The head of the eurozone's bailout fund is beginning attempts to persuade China to invest in a scheme to help rescue member countries facing debt crises while Beijing has made it clear that it will demand strong guarantees on the safety of any contribution it might make.

Klaus Regling, chief executive of the European Financial Stability Facility, said he was not negotiating with China as a potential investor but holding consultations to decide the terms for raising the money. I am optimistic that we will have a longer term relationship, he said.

Beijing has not said publicly it would invest in the fund, although it has repeatedly expressed confidence that Europe can overcome its two-year-old debt crisis. The president of the World Bank, Robert Zoellick, has said he believes China will invest in Europe only if there are incentives for it to do so.

The resolution reached by European leaders to increase the EFSF's leverage is important as it will help create a firewall that stops the crisis from spreading, Vice Chinese Finance Minister Zhu Guangyao said at a conference in Beijing Friday.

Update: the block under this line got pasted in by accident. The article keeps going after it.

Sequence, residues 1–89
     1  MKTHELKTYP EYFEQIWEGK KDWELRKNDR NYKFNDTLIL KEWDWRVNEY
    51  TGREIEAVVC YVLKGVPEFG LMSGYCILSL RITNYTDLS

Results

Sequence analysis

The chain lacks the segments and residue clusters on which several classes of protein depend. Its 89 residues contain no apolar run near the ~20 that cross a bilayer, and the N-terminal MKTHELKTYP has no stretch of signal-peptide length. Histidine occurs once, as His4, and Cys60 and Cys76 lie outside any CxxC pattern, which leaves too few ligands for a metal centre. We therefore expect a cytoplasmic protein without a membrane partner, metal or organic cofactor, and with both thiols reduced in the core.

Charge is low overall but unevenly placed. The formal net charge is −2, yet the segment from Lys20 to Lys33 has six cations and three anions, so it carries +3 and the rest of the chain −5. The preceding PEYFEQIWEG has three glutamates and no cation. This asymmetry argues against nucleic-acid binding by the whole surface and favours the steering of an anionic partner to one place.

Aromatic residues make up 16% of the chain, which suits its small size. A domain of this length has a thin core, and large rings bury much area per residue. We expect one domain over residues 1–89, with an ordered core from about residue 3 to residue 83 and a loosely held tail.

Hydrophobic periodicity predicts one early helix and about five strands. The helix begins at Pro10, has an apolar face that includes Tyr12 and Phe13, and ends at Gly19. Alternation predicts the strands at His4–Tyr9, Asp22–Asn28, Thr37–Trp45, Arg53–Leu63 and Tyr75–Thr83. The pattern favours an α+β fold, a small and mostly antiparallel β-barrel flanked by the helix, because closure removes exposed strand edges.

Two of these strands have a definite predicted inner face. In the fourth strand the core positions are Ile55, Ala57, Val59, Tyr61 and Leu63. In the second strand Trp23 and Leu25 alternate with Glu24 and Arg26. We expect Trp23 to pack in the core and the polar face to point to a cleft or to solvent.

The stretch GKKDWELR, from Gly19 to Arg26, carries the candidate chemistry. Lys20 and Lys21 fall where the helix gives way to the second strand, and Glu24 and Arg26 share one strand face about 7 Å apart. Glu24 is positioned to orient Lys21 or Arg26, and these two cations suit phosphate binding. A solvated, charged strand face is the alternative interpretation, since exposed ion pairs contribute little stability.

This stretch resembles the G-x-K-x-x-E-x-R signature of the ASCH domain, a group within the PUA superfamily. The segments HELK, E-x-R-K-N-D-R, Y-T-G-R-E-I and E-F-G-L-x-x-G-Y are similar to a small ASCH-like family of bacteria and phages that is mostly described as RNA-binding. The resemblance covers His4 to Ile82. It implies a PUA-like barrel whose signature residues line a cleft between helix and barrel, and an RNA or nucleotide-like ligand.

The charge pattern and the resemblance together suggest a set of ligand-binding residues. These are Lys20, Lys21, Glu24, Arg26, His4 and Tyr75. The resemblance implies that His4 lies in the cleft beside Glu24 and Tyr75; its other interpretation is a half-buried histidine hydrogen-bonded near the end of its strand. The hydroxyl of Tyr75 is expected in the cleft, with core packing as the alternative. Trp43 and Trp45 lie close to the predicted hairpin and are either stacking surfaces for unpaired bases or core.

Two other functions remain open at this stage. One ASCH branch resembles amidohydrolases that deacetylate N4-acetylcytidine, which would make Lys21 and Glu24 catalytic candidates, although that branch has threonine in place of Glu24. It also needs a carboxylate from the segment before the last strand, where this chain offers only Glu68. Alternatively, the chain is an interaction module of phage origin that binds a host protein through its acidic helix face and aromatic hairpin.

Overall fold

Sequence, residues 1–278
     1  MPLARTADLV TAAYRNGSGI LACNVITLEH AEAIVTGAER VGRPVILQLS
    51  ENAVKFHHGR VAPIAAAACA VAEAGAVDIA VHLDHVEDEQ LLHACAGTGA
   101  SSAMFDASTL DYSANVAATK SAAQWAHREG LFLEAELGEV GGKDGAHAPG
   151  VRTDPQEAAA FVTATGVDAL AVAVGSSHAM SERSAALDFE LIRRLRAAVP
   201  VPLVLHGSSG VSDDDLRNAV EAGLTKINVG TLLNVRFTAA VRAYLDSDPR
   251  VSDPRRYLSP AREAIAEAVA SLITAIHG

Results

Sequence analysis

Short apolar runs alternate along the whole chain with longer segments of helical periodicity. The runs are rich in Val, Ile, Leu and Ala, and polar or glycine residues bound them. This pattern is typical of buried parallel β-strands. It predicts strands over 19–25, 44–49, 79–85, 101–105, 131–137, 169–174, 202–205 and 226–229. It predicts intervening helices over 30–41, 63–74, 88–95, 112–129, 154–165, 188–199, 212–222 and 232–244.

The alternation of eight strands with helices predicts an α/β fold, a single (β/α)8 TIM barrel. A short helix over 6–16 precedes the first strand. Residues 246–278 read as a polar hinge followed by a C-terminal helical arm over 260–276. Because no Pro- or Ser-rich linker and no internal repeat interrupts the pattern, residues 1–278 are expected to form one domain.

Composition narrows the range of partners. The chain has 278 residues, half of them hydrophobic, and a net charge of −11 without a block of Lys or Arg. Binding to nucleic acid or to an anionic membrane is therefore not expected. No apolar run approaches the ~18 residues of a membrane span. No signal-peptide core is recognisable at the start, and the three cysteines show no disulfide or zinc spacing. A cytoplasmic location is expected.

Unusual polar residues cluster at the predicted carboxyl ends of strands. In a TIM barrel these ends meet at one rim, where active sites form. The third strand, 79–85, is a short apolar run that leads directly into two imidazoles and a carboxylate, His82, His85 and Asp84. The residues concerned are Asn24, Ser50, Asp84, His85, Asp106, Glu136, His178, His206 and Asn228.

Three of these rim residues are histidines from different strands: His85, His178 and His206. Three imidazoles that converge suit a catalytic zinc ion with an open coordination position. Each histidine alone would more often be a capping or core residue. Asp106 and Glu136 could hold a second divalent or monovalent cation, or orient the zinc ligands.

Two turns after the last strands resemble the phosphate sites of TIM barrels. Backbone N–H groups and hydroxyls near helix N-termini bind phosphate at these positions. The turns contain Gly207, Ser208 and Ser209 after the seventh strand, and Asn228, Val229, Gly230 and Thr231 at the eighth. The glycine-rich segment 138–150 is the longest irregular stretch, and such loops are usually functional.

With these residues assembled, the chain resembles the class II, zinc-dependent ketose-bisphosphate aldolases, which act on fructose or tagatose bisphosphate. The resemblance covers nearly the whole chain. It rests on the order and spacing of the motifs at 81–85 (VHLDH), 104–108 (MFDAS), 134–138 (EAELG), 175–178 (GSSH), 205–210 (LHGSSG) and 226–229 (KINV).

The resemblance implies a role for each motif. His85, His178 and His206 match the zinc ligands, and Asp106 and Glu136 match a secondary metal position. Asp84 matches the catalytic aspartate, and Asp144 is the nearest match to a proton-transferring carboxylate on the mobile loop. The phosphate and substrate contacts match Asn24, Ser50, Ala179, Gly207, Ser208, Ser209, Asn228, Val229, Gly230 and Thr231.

More importantly, European leaders should transform their policy consensus into action and really convince the financial market, Zhu said. He called on European officials to work hard and to make serious efforts to implement their agreement. China is already buying several hundred million worth of bonds issued by the EFSF, which is rated triple-A. It also owns an estimated $800 billion worth of euro assets in its $3.2 trillion foreign exchange reserves.

The main provisions of Thursday's deal stipulate that banks holding Greek debt are to accept a 50 percent loss and banks must also raise more capital to guard against losses resulting from any future government defaults. The framework for the new EFSF bailout fund will be put in place in November.